Last ice sheet recession and submarine slope failures in a complex arctic inlet, Inner Frobisher Bay, Baffin Island, Nunavut

Deering, Robert (2022) Last ice sheet recession and submarine slope failures in a complex arctic inlet, Inner Frobisher Bay, Baffin Island, Nunavut. Doctoral (PhD) thesis, Memorial University of Newfoundland.

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The Cockburn Substage readvance marks the last major late-glacial advance of the northeast sector of the Laurentide Ice Sheet, but has been examined at only a handful of sites on Baffin Island. The causes of this abrupt, late reversal of retreat are still unclear, but greater chronological control may provide some insight. To date, the literature has focused on the large terminal moraines common in the region, providing a singular date of readvance (prior to c. 9.5-8.5 ka cal BP). In Frobisher Bay, the Cockburn Substage readvance and recession are marked by a series of end moraines spanning ~20 km on either side of the inner bay. New acoustic marine mapping reported here from inner Frobisher Bay (IFB) reveals five distinct seafloor ridges that roughly correspond to the onshore moraines, as well as two fields of DeGeer moraines. These differing types of ridges indicate that the style of ice retreat changed over time from an episodic recession to a more regular tidewater ice front retreat. Radiocarbon dated shells from cored glaciomarine and postglacial sediments adjacent to and between the moraines indicate that ice readvanced prior to 9.4 ka cal BP and did not retreat from IFB before 7.6 ka cal BP. Sedimentary characteristics indicate changes in provenance and deposition rate as ice retreated. This paper describes the final retreat of Laurentide ice out of IFB, showing how style of deglaciation and depositional environments changed from the end of the Cockburn Readvance until recently. Inner Frobisher Bay is home to an abnormally high density of submarine slope failures (SSF; at least 246; ~1/20 km2). Understanding the causes of such an abundance of failure products and their chronology contributes to hazard reduction in the capital region of Nunavut. SSFs have the potential to destroy seafloor and coastal infrastructure directly and, when sufficiently large, can be tsunamigenic. Morphometric analysis of SSFs provides an insight into their spatial distribution, relative chronology, triggers, and preconditioning factors. SSFs in IFB are asynchronous and have been occurring in IFB since at least 5.7 ka cal BP, with some features dated to within the last 500 years, indicating the possibility of SSFs being an active process in the basin. Factors preconditioning these events in the basin appear to be connected to the geotechnical properties of deglacial sediments and the complex bathymetry of IFB. Triggering mechanisms appear to act asynchronously, suggesting probable triggers include small seismic events or cyclic tidal loading.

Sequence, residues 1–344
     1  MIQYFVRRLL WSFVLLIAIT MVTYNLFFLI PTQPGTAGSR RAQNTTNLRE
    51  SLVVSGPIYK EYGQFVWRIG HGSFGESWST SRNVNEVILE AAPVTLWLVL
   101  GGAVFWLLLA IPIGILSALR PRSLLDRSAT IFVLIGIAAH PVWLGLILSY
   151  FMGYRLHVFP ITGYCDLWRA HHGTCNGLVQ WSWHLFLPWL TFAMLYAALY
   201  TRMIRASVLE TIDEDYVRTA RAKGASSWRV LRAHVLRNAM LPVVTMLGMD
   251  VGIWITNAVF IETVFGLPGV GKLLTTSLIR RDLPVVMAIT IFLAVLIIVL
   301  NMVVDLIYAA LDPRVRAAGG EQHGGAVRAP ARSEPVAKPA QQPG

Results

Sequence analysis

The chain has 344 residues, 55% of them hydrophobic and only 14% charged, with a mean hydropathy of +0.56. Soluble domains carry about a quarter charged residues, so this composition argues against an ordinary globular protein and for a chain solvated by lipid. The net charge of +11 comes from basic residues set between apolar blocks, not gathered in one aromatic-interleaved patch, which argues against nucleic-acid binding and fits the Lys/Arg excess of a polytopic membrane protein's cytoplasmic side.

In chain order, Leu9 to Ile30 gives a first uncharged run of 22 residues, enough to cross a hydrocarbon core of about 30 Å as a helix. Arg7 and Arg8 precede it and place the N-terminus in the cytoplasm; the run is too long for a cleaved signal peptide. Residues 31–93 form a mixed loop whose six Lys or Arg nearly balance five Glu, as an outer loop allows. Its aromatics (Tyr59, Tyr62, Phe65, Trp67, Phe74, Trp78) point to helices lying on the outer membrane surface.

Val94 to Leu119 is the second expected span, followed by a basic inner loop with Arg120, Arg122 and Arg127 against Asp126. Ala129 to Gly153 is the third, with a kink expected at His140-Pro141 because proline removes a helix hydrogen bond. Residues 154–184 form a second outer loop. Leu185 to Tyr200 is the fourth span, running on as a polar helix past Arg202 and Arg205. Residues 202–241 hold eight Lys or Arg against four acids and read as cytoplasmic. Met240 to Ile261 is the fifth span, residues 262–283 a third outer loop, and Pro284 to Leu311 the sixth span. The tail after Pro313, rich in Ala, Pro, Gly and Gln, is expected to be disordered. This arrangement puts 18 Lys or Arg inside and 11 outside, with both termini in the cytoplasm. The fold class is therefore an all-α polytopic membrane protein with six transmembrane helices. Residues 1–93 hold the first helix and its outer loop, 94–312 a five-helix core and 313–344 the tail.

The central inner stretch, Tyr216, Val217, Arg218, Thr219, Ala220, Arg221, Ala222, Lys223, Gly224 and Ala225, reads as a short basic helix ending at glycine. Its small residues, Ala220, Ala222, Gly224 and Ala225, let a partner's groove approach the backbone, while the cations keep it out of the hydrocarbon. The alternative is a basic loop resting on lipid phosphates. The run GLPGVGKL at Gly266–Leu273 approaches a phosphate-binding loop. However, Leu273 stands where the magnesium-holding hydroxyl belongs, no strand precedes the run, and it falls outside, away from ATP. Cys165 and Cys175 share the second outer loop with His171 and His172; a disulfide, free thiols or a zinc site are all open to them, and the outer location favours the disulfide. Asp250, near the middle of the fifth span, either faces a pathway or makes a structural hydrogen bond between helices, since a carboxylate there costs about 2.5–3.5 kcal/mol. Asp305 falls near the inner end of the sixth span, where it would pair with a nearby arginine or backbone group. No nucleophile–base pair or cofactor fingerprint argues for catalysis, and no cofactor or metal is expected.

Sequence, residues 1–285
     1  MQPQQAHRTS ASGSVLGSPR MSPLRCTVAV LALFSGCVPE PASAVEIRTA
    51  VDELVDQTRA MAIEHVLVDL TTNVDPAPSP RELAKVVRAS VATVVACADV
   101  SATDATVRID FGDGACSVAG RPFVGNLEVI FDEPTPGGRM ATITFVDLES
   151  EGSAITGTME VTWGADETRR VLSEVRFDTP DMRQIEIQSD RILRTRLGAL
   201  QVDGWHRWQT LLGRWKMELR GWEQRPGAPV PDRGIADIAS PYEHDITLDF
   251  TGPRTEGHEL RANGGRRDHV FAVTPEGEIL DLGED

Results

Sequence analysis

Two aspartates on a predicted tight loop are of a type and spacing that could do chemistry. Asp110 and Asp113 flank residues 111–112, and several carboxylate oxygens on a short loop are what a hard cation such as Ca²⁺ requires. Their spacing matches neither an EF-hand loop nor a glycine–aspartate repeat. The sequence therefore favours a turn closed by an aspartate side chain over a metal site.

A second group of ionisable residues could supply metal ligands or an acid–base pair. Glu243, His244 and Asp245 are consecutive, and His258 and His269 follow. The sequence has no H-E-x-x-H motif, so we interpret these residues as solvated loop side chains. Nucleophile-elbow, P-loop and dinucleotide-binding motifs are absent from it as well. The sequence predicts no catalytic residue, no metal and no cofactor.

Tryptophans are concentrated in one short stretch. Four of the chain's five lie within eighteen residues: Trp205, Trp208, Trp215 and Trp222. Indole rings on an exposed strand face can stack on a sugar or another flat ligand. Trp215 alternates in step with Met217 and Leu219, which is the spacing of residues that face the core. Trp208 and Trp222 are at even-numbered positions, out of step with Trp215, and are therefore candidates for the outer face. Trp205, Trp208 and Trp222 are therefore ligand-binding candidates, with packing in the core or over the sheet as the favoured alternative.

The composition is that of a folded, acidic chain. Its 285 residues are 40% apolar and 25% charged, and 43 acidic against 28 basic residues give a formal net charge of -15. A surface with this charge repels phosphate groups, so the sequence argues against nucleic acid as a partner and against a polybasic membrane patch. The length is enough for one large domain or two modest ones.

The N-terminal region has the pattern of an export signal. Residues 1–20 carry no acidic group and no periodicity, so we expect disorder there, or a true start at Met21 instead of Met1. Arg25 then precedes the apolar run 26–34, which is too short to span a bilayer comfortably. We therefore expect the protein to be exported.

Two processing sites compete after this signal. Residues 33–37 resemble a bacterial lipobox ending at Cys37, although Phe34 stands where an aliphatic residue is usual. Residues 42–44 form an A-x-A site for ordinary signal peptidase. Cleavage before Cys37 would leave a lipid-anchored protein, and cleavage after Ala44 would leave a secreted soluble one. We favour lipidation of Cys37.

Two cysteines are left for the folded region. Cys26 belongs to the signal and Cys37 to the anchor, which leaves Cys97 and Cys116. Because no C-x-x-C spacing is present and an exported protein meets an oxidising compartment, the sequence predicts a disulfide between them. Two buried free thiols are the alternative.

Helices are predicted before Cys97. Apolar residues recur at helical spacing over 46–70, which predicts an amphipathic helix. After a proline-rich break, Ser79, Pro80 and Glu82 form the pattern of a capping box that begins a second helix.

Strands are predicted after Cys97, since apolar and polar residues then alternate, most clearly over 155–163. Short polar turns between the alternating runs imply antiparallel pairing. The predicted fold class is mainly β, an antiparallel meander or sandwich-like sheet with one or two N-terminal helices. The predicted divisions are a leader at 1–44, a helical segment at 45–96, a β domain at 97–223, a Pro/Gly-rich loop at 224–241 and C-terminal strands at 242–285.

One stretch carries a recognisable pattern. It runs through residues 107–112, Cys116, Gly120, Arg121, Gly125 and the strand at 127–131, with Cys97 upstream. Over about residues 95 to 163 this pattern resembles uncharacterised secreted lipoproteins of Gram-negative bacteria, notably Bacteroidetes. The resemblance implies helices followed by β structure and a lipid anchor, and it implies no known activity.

Item Type: Thesis (Doctoral (PhD))
Item ID: 15876
Additional Information: Includes bibliographical references
Keywords: Frobisher Bay, Laurentide Ice Sheet, marine ice-front, glaciomarine sedimentation, marine geohazards, submarine slope failures, Cockburn Substage, slope instability, Fiards, geochronology, North Atlantic, Sub-Arctic
Department(s): Humanities and Social Sciences, Faculty of > Geography
Date: October 2022
Date Type: Submission
Digital Object Identifier (DOI):
Library of Congress Subject Heading: Slopes (Soil mechanics)--Stability; Submarine topography--Nunavut--Frobisher Bay; Geological time; Ice sheets--Nunavut--Frobisher Bay; Glaciology--Nunavut--Frobisher Bay; Hazardous geographic environments--Nunavut--Frobisher Bay

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